As the young Indiana Jones, he has made love with Mata Hari in Paris, swum in a crocodile-infested river in Africa, and dodged international spies in Germany — but Sean Patrick Flanery’s big challenge right now is finding skim milk in Prague. ”Overseas they have only whole-cream milk as thick as pancake syrup,’ says the former college triathlete. ”I cannot put that in my body.”
For his role as star of The Young Indiana Jones Chronicles, the Texas-raised Flanery, 27, has had to spend a lot of milkless days and nights abroad. One of the most expensive series on TV ($1.5 million per episode), Chronicles, which returned from a five-month hiatus on March 13, films in exotic locales from Barcelona to the Congo as the junior Jones matches wits with historical legends like Charles de Gaulle and Albert Schweitzer. Boasting Indy’s creator, George Lucas, as executive producer, the show has drawn top directors, including Mike Newell (Enchanted April), Bille August (Pelle the Conqueror), and Monty Python’s Terry Jones.
Yet Chronicles has had a harder time finding its audience than Indy did tracking down the lost ark. The show has changed time slots twice since its debut a year ago, finishing near the bottom of the rating heap. Its return scored higher numbers — 35th place, with 18 million viewers — due in part to a guest appearance by the original Indy, Harrison Ford, whom Flanery says he watched ”50 times in Raiders of the Lost Arc to pick up the way he cracked the whip, the way he wore his hat, and that weird, at-arm’s-length relationship he had with women.”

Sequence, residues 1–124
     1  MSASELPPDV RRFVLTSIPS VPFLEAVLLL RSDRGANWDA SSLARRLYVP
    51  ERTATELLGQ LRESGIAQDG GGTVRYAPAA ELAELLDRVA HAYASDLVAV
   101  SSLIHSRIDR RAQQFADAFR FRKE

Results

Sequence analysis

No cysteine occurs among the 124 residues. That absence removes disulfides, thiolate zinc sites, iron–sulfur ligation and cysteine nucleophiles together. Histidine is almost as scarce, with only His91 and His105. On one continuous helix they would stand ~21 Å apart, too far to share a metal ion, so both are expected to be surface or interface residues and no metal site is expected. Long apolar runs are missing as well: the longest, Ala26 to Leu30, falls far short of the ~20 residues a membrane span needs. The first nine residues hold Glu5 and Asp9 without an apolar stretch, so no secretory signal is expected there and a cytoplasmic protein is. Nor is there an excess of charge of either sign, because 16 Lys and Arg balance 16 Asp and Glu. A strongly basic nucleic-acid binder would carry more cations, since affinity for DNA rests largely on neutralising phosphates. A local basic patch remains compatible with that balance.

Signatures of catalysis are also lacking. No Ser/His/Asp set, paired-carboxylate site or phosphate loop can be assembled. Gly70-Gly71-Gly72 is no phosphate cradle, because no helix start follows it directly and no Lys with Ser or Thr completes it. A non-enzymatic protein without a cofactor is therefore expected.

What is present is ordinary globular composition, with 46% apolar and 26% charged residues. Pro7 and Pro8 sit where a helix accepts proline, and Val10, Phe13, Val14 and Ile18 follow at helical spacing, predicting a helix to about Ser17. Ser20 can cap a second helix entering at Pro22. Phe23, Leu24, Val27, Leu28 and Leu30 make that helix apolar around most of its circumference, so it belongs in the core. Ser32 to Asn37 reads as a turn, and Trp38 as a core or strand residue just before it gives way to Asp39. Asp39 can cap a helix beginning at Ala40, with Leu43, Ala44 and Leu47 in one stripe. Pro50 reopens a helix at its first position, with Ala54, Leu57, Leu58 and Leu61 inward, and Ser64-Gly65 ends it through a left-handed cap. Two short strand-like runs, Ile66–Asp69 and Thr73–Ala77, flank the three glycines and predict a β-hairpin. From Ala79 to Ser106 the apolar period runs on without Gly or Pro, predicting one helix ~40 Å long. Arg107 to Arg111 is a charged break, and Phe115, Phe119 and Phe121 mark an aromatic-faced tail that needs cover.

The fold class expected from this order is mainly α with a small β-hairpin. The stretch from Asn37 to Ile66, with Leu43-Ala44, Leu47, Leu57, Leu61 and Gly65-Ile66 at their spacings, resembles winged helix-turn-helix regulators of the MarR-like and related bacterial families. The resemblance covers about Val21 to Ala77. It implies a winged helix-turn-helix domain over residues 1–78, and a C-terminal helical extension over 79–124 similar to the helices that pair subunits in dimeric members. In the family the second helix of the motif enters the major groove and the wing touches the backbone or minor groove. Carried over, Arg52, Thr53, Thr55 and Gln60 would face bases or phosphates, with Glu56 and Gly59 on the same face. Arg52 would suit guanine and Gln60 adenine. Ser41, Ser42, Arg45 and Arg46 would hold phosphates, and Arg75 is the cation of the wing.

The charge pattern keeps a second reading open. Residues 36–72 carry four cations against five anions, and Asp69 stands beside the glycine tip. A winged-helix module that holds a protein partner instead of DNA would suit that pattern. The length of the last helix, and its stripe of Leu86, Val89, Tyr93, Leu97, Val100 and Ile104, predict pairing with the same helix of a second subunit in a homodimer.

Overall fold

Flanery, of course, is at ocean’s length from most women he knows. The distance, at least, keeps him from thinking about ratings. ”I’m so detached out here, I don’t have a grip on what’s happening in the U.S. But the show is bound to come into its own.” Meantime, he has learned one critical lesson in his 14-country (so far) trek: ”I take powdered skim milk wherever I go.